Month: July 2012

An Orphan’s Tale

Peter Ferrarone

At the outset, I confess that I have no experience in the medical field. I’m not a doctor or a nurse; I’m a recent college graduate, a writer and someone who’s interested in the world. And, all last summer, I was a volunteer in Uganda. 

I’d met a Ugandan priest who was visiting the States on a lecture tour. He described his work overseeing an orphanage located in Western Uganda, a day’s bus ride from Rwanda and Kenya. When he invited me to go and help out there, I accepted.

Upon arriving, I discovered that the orphanage was a small, broken-down concrete house perched on a hill above a muddy soccer field. The building had four bedrooms and no running water. The yard featured a wandering mountain goat and a smelly outhouse with a faulty latch. 

Fifteen orphans lived there–eight girls and seven boys, ages eight to twenty-one. In summer, when the schools let out, as many as ten more children came to stay. 

Life at the orphanage ran along unusual lines: There were no adults on hand, so the oldest orphans …

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Kennet Square Clinic

Jessica Bloom

The young woman’s daughter
is shy and beautiful.

Her mother comes to the clinic 
with vague complaints:
headache, stomach pain,
fatigue, weakness.
A small, sturdy woman
with an anxious face,
her square jaw is just a bit
bigger on the left. I picture 
the long-healed fracture
in her jutting mandible,
sealed beneath unbroken skin
the color of wheat fields.

Her story is slow to come out.
Many of the patients here
migrate from Mexico each year
to work on the mushroom farms.
I imagine the smell of wet dirt,
the cool, shadowy barns
with stacked rows of wooden pallets,
soft, white globes emerging
out of black soil.
I do not know the nature
of their toil, but I know
the weak resistance,
the fragile release,
of pulling a mushroom
from the earth.

I understand only pieces
of her rapid Spanish, but hear
the edgy thread of despair
that unravels in her voice,
suggesting the tight fist of her will
in which she holds her self-control.

The woman admits 
to feeling depressed.
She believes her husband
drinks too much,
and has been unfaithful.
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Cadaver Happy Face

Rachel Willis

Sitting with my mother in a white-walled exam room, awaiting the surgeon’s arrival, I felt happy. 

Earlier this spring, I’d landed hard on one leg during a volleyball game and collapsed, hearing my knee make a terrible cracking sound, like all ten knuckles firing off. When I resumed playing, after several weeks of rehab, it happened again.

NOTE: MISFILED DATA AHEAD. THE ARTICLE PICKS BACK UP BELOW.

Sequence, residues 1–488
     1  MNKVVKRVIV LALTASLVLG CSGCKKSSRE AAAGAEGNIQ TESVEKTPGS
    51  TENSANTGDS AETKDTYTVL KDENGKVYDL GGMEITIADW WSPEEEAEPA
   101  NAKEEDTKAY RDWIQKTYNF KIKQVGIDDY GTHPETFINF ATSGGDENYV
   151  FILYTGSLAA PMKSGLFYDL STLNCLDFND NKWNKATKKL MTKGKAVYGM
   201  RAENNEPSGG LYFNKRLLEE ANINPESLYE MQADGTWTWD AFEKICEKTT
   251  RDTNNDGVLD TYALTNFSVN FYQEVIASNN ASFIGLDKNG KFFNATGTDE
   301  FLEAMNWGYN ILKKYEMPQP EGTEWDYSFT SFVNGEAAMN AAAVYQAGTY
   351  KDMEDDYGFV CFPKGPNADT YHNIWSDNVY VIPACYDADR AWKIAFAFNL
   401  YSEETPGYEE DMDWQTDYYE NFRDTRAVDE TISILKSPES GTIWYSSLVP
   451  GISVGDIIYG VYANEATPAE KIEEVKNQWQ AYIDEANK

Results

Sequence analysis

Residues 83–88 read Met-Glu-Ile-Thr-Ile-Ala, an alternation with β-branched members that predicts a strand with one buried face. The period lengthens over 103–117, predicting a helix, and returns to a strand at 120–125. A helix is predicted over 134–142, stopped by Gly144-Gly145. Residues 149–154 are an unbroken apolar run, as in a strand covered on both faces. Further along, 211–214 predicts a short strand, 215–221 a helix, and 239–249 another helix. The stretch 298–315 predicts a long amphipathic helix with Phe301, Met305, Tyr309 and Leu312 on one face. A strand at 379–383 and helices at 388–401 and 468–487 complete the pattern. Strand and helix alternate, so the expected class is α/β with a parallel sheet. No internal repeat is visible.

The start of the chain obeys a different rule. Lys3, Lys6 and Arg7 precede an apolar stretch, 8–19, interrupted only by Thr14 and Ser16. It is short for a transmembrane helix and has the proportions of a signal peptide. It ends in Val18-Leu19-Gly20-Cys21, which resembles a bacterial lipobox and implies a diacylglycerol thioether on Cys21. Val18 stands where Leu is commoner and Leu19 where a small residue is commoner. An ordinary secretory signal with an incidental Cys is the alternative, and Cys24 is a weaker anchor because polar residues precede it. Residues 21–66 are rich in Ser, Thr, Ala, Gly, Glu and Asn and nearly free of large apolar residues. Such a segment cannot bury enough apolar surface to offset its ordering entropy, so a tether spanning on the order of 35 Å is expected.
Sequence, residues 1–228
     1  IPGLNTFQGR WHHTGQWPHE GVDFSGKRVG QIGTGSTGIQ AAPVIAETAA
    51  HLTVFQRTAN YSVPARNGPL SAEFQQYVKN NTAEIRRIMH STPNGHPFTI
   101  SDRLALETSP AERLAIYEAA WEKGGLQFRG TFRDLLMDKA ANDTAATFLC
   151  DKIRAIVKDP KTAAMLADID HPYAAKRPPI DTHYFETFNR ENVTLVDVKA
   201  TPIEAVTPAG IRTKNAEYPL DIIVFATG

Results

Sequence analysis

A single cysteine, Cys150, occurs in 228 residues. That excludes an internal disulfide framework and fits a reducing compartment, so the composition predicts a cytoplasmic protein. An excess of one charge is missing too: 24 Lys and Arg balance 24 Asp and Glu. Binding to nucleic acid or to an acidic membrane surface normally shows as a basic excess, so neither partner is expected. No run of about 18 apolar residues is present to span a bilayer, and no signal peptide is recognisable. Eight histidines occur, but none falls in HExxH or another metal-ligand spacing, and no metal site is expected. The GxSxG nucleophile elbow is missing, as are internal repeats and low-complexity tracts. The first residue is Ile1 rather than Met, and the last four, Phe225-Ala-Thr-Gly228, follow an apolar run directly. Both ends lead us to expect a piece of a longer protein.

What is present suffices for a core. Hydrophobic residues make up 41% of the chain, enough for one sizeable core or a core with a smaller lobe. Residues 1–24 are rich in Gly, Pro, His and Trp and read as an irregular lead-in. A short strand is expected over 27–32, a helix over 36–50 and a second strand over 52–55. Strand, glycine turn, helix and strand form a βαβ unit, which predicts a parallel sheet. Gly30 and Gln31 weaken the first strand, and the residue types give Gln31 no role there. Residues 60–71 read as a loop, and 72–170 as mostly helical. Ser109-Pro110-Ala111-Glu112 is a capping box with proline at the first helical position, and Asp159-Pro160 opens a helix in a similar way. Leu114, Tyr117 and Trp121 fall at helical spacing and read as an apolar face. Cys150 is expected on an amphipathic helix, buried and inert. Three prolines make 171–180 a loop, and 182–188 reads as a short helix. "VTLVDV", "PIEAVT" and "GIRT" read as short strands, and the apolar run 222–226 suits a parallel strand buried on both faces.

Now we were awaiting the MRI results.

You’d think I’d be nervous. I was seventeen, college-bound on a full-ride volleyball scholarship. Would this injury jeopardize that? But I felt glad–and touched with a kind of glamour. During hundreds of boring or grueling practices, I’d longed to sprain an ankle or break a leg. Now I had an iron-clad excuse to duck the huge workout packet my college coach had sent. 

My doctor bounded in. A tall African-American man in his fifties, with white hair and beard, he radiated energy. 

I liked him–his energy, the contrast of his bright white hair and brilliant smile with his dark skin. 

Swiftly, he pulled an MRI image from its envelope, clipped it to a board and pointed. 

“That,” he …

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July Intern–Taking Off My New White Coat

Heustein Sy

I became a doctor of internal medicine in my home country, the Philippines, in 2005. The following year, I immigrated to the United States. In order to practice medicine here, I must complete one more journey–a three-year medical residency in the U.S.

My first week at the hospital has been a hectic blur–one task right after another. I’ve been existing on minimal amounts of sleep, food and social contact and maximum amounts of coffee.

Inside my head, though, this week has also been all about me. How lucky I was to have been picked for this coveted residency in this highly regarded hospital! How can I regain my rusty diagnostic skills? How do I look in my new white lab coat?

Rushing here and there, checking on lab results, taking comprehensive histories from patients, doing my best not to miss a single differential in the most ordinary cases and trying to impress my seniors, I’ve felt a bit like Superman: I’m saving lives!

At times, I’ve slipped into a state of mind where every patient becomes just a room number and every diagnosis just a billing code with its corresponding treatment algorithms. When I’m in that zone, time passes quickly. …

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